Woman Jailed At Least 5 Years, Ordered to Pay Restitution for Elaborate Worker’s Compensation Scam

February 27, 2024 | Topic: Criminal

HARRISBURG — Attorney General Michelle Henry announced that a Delaware woman will serve 5 to 10 years in state prison for a worker’s compensation scam that spanned 2½ years, two states, and cost a Pennsylvania employer more than $170,000.

Victoria Newell-Brown, who used the alias “Victoria Stephens” in the scam, pleaded guilty in October to ten felonies regarding claims she made over injuries she reportedly sustained while working at a Family Dollar store in Philadelphia and a restaurant in Delaware.

A Delaware County Judge sentenced Newell-Brown, 56, on Monday to the prison term, which includes an order to pay $170,655 in restitution owed.

“The defendant’s latest criminal episode lined her pockets while making a mockery of a system designed to help hardworking people who are injured at their jobs,” Attorney General Henry said. “This scam endured for more than two years, with the defendant receiving significant payouts from her employers.”

At sentencing, the Office of Attorney General emphasized Newell-Brown’s long history of criminal convictions, which date back to the 1980s and involve a dozen prior convictions, most of which were felonies.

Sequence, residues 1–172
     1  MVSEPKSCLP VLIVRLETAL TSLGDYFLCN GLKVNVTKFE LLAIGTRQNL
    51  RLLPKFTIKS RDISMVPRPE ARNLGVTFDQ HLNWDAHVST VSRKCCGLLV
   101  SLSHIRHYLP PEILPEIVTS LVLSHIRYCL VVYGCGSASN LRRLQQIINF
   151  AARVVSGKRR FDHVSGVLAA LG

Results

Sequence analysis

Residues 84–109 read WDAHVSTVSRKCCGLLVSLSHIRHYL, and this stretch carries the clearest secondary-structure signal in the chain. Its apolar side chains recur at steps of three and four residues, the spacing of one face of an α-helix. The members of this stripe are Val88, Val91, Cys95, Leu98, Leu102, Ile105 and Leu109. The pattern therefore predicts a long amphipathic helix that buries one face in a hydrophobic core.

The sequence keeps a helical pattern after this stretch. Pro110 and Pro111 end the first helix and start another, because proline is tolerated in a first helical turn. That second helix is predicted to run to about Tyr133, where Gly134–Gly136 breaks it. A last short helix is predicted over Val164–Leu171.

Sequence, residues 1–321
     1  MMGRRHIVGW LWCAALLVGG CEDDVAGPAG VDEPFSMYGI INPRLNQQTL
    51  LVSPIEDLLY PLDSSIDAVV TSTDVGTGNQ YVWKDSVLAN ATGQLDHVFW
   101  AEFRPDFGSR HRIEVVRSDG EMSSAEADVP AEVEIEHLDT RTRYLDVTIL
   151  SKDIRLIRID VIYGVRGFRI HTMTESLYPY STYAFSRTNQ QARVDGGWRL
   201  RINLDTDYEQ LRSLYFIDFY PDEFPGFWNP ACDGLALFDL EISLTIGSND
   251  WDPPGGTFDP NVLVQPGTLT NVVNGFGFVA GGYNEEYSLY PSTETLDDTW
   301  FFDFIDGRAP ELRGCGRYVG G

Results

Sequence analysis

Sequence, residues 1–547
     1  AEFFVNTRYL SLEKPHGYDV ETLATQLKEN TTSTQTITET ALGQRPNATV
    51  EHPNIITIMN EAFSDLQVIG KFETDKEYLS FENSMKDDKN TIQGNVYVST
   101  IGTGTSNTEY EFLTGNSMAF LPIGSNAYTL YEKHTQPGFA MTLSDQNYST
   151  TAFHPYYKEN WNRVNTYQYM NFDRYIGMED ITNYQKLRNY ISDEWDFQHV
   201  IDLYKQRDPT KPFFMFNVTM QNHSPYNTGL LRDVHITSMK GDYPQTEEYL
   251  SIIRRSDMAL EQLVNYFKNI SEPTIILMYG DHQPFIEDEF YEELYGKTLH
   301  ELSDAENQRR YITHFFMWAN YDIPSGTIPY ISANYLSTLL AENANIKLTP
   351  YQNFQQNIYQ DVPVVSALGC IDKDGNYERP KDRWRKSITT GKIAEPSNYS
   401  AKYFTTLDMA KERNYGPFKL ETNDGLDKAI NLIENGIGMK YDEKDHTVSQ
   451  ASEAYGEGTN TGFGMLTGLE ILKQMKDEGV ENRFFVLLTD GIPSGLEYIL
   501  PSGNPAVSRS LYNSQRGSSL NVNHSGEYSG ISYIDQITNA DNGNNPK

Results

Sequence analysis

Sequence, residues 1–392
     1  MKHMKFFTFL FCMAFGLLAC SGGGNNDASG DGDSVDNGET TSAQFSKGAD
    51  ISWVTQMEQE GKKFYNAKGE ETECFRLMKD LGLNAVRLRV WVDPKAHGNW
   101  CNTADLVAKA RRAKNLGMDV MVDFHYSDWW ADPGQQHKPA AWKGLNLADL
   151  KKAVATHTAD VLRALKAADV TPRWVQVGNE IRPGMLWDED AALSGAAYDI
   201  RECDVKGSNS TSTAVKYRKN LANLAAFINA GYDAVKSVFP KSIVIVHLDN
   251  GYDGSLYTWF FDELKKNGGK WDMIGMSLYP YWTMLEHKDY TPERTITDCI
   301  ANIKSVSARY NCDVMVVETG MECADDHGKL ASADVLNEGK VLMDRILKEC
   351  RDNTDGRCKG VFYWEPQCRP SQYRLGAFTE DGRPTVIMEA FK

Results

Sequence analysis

Regarding the worker’s compensation scam, Newell-Brown claimed that, in 2019, she was hurt from a fall while working at the Family Dollar store. Newell-Brown claimed she was totally disabled from the fall, so Family Dollar paid medical expenses, as well as worker’s compensation and wage-loss benefits for $1,500 every two weeks. Newell-Brown received that payment for more than two years.

In August 2019, Newell-Brown took a job at a Delaware restaurant, using a different Social Security number and the “Victoria Stephens” alias, so her claims in Pennsylvania would not be discovered. Two months later, she reported she was hurt — claiming the same injuries sustained in Pennsylvania — from a fall at the restaurant.

The restaurant’s insurer paid disability wage-loss benefits, and Newell-Brown received payments from both states until 2021.

In order to maintain her scheme, Newell-Brown repeatedly lied to her employer, health care providers, judges, and others about her health, work history, medical history, and disability claim history.

According to the Office of Attorney General investigation, Newell-Brown received over $97,000 in worker’s compensation and wage-loss benefits, with her employer also paying over $5,600 of her medical expenses. Her employer also paid an additional $70,000 in legal costs challenging her claims.

The case was prosecuted by Senior Deputy Attorney General M. Eric Schoenberg.

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